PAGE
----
Identification of functional programmable mechanical stimulation (PMS) on tendon not only provides the insight of the tendon homeostasis under physical/pathological condition, but also guides a better engineering strategy for tendon regeneration. The aims of the study are to design a bioreactor system with PMS to mimic the in vivo loading conditions, and to define the impact of different cyclic tensile strain on tendon. Rabbit Achilles tendons were loaded in the bioreactor with/without cyclic tensile loading (0.25 Hz for 8 h/day, 0–9% for 6 days). Tendons without loading lost its structure integrity as evidenced by disorientated collagen fiber, increased type III collagen expression, and increased cell apoptosis. Tendons with 3% of cyclic tensile loading had moderate matrix deterioration and elevated expression levels of MMP-1, 3, and 12, whilst exceeded loading regime of 9% caused massive rupture of collagen bundle. However, 6% of cyclic tensile strain was able to maintain the structural integrity and cellular function. Our data indicated that an optimal PMS is required to maintain the tendon homeostasis and there is only a narrow range of tensile strain that can induce the anabolic action. The clinical impact of this study is that optimized eccentric training program is needed to achieve maximum beneficial effects on chronic tendinopathy management. Biotechnol. Bioeng. 2013; 110: 1495–1507. © 2012 Wiley Periodicals, Inc.
 
 
2.
Lumbar erector spinae oxygenation during prolonged contractions: implications for prolonged work
SM McGill, RL Hughson, K Parks – Ergonomics, 2000 – Taylor & Francis
… HICKS, A., MCGILL, SM and HUGHSON, R. 1999, Forearm muscle blood ¯ ow and … and magnitude of blood ¯ow changes in the human quadriceps muscles following isometric …LANOCE, V. and CHANCE, B. 1989, Noninvasive detection of skeletal muscle underperfusion with …
 
 
 
 
 
 
 
 
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Bill Gleason rocks Sydney

aikido-sydneyI was down in Sydney for the long weekend visiting family and friends. It was very nice time to catchup with a few sisters and the obligatory lounge room tanninzygake err… Rumble with nieces and nephews too. Whilst out for a stroll I spied a beautiful dojo set in the rural environs of Terry Hills. Imagine my surprise to find an aikido seminar underway and none other than Bill Gleason Sensei – who I visited 2 years ago in Boston, leading the instruction. At the half time oranges err… mandarin break I had the good fortune to catch up with what is possibly the broadest cross section of the Australian Aikido community gathered in a single place, well done to Balmain dojo and Seymour Sensei!.

Gleason Sensei, of the Yamaguchi lineage was putting the Aiki back into aikido in what was less about technique and more about the feeling. That is about building Aiki from within rather than through technique. It was for me the next step in following the internal strength movement in aikido circles ( see). Bill sensei speaks highly of Dan Hardens method and brings a translation of it to the aiki arts.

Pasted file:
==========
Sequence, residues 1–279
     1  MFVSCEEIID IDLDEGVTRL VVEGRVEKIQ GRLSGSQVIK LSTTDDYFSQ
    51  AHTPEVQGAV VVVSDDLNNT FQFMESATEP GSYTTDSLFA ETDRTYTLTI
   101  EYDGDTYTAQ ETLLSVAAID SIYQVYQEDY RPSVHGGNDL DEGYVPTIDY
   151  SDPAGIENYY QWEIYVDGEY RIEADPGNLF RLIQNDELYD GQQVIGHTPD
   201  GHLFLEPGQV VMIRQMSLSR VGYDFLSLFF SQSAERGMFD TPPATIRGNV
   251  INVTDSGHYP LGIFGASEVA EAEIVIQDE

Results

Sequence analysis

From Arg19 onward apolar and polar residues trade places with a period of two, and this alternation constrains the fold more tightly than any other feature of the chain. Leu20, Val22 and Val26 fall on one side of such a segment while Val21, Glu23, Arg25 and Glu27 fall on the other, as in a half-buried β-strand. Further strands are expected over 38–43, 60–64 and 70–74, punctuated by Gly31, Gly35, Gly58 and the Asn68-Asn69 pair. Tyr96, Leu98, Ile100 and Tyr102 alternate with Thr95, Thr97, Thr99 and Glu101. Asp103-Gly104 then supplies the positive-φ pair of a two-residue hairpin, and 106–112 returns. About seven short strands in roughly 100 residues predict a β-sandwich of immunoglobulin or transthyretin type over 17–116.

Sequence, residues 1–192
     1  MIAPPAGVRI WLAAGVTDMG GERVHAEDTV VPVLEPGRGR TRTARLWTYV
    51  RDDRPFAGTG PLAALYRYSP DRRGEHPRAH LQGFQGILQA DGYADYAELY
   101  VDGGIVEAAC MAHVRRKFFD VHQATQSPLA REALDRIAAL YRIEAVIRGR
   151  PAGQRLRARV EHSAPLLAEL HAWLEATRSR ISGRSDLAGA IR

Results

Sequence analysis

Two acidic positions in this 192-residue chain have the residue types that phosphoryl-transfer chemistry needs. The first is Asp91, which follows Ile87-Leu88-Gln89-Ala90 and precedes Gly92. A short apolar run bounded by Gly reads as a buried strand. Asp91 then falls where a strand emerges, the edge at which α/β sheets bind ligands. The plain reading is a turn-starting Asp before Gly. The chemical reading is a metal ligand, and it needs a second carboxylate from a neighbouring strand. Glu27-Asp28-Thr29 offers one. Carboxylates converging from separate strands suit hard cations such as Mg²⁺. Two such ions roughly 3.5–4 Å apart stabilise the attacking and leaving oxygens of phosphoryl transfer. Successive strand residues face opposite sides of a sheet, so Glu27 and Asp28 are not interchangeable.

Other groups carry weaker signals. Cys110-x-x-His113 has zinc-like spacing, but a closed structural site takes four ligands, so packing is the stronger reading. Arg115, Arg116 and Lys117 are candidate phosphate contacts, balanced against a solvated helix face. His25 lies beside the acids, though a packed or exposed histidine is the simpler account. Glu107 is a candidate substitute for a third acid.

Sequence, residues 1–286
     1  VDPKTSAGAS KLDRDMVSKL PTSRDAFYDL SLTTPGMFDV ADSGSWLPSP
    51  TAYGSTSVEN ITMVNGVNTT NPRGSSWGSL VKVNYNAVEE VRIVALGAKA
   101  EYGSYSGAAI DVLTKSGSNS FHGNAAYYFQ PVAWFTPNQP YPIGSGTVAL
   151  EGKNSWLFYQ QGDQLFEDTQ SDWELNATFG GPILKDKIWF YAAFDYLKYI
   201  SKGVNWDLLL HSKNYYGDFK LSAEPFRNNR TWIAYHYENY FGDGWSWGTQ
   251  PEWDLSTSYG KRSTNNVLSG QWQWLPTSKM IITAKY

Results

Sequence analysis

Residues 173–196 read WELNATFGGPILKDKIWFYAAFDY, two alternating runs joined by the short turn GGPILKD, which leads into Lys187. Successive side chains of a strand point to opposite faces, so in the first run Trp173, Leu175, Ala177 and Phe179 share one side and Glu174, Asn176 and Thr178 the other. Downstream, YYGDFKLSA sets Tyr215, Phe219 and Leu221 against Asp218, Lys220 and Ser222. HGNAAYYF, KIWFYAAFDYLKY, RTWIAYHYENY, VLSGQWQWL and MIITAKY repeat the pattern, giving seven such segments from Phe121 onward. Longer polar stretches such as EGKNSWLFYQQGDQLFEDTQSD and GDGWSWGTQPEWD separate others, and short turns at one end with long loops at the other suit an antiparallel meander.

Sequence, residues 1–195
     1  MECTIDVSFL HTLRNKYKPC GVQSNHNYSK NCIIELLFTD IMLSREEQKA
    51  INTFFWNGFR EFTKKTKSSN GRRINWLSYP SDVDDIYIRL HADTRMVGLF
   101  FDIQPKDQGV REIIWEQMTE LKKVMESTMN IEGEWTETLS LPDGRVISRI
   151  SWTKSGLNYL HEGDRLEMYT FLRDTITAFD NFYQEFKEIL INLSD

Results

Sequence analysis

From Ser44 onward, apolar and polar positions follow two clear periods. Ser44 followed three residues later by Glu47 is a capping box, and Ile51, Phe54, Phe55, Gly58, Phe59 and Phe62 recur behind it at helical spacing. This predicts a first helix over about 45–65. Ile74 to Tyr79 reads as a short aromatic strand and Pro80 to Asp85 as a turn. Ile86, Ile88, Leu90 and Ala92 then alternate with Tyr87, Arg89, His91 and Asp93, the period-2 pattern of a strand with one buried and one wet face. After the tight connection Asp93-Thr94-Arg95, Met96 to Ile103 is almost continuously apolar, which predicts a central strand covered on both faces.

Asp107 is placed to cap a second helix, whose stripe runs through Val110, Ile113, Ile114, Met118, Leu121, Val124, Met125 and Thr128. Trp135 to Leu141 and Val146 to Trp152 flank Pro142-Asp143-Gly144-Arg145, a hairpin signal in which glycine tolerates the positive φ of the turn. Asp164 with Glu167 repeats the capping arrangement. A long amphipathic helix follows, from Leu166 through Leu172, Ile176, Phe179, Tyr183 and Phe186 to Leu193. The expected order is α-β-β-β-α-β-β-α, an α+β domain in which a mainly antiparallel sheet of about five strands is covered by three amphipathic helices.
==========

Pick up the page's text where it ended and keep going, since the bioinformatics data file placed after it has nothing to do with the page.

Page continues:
He combined effortlessly the traditional terminalogies like earth, fire and water as analogues for the familiar square trianle and circle. He spoke his own work of tate and yoko combined with spiraling where one must use ‘just eough power but as much as is required’. The vertical and horizontal aspects together with entry resonated strongly with an emerging picture with toppling seen in biomechanics and then some i.e. to freeze the base and topple through up and through. Its a dangerous assumption to make to though fitting everything to an existing paradigm – every the trap of the tyro

I was also reminded of some of the teaching of my former school such as a) Kotai, Jutai and Ryutai levels of practice and the importance and b)  insights that can come from the Kashima sword school, really liked the neutral /support points being exlored through the sword.

For an in-depth review this by way of the Aikido Sydney Facebook page from Bill Sensei’s seminar in Auckland

One night I also managed to catch up with some budo buddies too for dinner…it brought out the boof in all of us 🙂

budo-buddies

Sadly there wasn’t opportunity to get onto the mat this time, maybe next time

Best,

Dan

 

Aikido and the fundamental forces of the Universe

sanningakeAikido, like many an art form has been subjected to much scrutiny through combat effectiveness, ancient writings, opinion and more recently the sciences. Using the prism of western sciences it has been both praised or reviled. Many an attempt has been made by the Aiki/scientific community to successfully explain Aiki in this manner. There are the tawdry explanations of the workings of the body through the tools of Newtonian physics, where the idea that through the falling apple’s momentum, mass and force might explain the subtlies of Kuzushi, balance and the internal working of the body. This inevitably leads to the success in explaining the lesser baser martial arts but is doomed to failure in something as highly evolved as Aikido. My own humble efforts in this regard to look at power generation and unbalancing, under the scrutiny of the international aikido community has certainly experienced this mixed response, including public castigation at seminars and in retrospect rightly so.